However not much has changed much about the music, that is to say they are as good as ever. Anberlin still brings their A-game in alternative rock and it still runs along the same lines but New Surrender incorporated a more electronic music instead of a more organic feel that fueled Cites (the change isn’t bad, but it’s different). The album’s first single, “feel good drag” is really a slightly mixed version of the original song released first on Anberlin’s sophomore album, Never take Friendship Personal; The intense rock song is phenomenal from the aggressive electric guitar intro to Christian’s vocals which he takes up to the next level. The rock tracks stand out more on New Surrender, possibly because of the increase of ballads, so when “disappear” appears, it stands out as a harder rock song than “feel good drag” but not quite as smooth; Another thing about “disappear” is that Christian’s vocals does a small dose of screaming and his voice is very moody.

The mellow rock song “breathe” uses the electronic sound well, plus the emotion is high though the tone of the vocals is a little moody, and the heavy ballad, “breaking” contains a hint of electronic music and the tune is slightly reminiscent. But Anberlin does serve up big guitar riffs in “Haight Street”, a song which doesn’t sound too much like an alternative song but it holds more of a party atmosphere. The times where Anberlin sounds off is on “younglife” which features an odd alterative pop tune, and while it’s original it doesn’t quite fit the feel of the album plus unusual pop tune “Blame me! Blame me!” doesn’t have any intensity that the title would suggest. “Soft skeletons” is a great example of the maturity that Anberlin has because every stage of the melancholy light rock song follows a great formula. For any further proof look no farther than the last and most artistic song "Miserabile Visu (ex Malo Bonum)".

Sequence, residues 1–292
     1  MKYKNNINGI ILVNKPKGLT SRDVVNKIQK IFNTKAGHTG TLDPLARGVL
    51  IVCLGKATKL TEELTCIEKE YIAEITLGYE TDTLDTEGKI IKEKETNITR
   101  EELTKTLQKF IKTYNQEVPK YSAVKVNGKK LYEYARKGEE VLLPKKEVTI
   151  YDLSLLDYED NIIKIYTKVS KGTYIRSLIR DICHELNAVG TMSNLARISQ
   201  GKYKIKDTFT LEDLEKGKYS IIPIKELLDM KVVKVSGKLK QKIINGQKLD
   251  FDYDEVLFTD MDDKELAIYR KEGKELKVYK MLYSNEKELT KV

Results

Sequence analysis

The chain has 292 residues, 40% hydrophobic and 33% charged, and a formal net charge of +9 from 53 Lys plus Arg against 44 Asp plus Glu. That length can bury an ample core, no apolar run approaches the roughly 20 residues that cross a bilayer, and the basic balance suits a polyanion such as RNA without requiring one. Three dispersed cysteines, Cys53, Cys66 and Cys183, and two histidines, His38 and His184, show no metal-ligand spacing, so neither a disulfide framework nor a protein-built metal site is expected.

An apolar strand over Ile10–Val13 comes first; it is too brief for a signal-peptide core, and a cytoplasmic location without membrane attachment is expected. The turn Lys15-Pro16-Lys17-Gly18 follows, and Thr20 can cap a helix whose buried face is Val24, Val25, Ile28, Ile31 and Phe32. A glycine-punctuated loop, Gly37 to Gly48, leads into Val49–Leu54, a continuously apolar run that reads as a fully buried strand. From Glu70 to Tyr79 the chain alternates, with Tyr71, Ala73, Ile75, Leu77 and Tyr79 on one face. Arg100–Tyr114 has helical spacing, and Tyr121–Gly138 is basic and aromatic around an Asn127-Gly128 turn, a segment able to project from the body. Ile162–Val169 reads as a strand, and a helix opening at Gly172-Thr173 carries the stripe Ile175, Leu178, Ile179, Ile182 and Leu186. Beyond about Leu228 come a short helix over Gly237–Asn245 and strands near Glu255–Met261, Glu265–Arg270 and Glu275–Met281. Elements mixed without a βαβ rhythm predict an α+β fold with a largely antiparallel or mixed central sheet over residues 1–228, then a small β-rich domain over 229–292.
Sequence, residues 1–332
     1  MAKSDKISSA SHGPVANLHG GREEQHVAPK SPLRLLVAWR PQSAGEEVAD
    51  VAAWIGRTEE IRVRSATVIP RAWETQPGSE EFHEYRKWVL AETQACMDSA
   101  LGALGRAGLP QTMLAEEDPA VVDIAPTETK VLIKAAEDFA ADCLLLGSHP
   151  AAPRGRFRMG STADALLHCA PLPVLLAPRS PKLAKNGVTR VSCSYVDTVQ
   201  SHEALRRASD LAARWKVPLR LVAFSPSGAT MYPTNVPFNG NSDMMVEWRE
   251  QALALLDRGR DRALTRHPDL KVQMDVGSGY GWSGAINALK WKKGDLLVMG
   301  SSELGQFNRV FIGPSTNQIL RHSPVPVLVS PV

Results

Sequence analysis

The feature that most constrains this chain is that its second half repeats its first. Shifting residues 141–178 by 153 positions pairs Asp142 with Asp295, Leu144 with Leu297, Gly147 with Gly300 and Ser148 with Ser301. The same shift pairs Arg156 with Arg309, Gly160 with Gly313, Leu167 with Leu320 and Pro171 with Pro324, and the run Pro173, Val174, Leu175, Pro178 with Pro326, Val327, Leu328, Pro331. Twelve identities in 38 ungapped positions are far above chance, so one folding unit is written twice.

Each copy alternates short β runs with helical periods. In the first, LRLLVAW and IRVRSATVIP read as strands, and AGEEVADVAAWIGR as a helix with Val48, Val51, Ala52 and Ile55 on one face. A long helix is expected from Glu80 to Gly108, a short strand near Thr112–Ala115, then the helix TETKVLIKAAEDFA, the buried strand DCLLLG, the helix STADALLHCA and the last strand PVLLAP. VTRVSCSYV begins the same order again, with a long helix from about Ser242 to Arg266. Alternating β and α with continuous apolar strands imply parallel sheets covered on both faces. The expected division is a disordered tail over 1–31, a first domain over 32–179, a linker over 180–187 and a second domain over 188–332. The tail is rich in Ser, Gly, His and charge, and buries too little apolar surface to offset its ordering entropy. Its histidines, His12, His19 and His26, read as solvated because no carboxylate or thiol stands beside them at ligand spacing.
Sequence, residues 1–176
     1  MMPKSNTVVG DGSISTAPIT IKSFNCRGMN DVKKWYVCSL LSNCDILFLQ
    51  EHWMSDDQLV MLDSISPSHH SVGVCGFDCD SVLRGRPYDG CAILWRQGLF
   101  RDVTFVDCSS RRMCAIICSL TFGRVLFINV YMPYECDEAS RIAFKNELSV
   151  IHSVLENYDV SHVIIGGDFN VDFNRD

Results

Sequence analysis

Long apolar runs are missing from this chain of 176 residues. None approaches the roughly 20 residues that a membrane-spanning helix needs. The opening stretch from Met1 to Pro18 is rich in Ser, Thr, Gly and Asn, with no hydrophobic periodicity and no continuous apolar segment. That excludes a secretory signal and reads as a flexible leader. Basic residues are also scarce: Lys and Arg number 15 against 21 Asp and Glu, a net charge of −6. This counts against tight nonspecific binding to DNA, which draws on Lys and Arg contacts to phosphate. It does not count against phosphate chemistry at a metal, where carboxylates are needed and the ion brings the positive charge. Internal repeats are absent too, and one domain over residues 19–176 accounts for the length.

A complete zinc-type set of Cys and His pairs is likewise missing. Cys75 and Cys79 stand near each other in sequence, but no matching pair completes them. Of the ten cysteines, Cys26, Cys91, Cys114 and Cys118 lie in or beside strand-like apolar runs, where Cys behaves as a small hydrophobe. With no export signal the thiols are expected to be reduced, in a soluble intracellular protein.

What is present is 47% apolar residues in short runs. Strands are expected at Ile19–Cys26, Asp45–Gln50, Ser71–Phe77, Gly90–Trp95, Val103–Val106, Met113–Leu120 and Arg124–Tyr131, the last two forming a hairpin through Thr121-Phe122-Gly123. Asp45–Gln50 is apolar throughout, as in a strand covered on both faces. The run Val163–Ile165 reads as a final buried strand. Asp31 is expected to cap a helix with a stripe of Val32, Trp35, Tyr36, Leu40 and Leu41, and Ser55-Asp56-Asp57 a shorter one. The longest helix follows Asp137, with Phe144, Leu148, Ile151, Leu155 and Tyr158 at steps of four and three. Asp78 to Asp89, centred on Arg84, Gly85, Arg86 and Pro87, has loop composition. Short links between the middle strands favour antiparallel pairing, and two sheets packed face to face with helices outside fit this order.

The issue is not the music of this album or even in any of Anberlin’s CDs, but it has been with their spiritually vague and occasionally disturbing lyrics. There is plenty on New Surrender that is though provoking, like “resistance” a song that deals with people coming together even against those who want “bring” and “take down” them; the only disturbing thing is the lack of sympathy towards the aggressive parties ‘You crash where you stand/You've got a riot on your hands…we set your walls to fire’. “Feel good drag” was edgy when it was first recorded and not much has changed ‘I'm here for you" she said/and we can stay for awhile,/my boyfriend's gone,/we can just pretend…Your lips/Your lies/Your lust/Like the devils in your hands’. “Disappear” is another disturbing song although the singer is looking not to be left along but ‘wait for me will you wait for me/with arms wide’.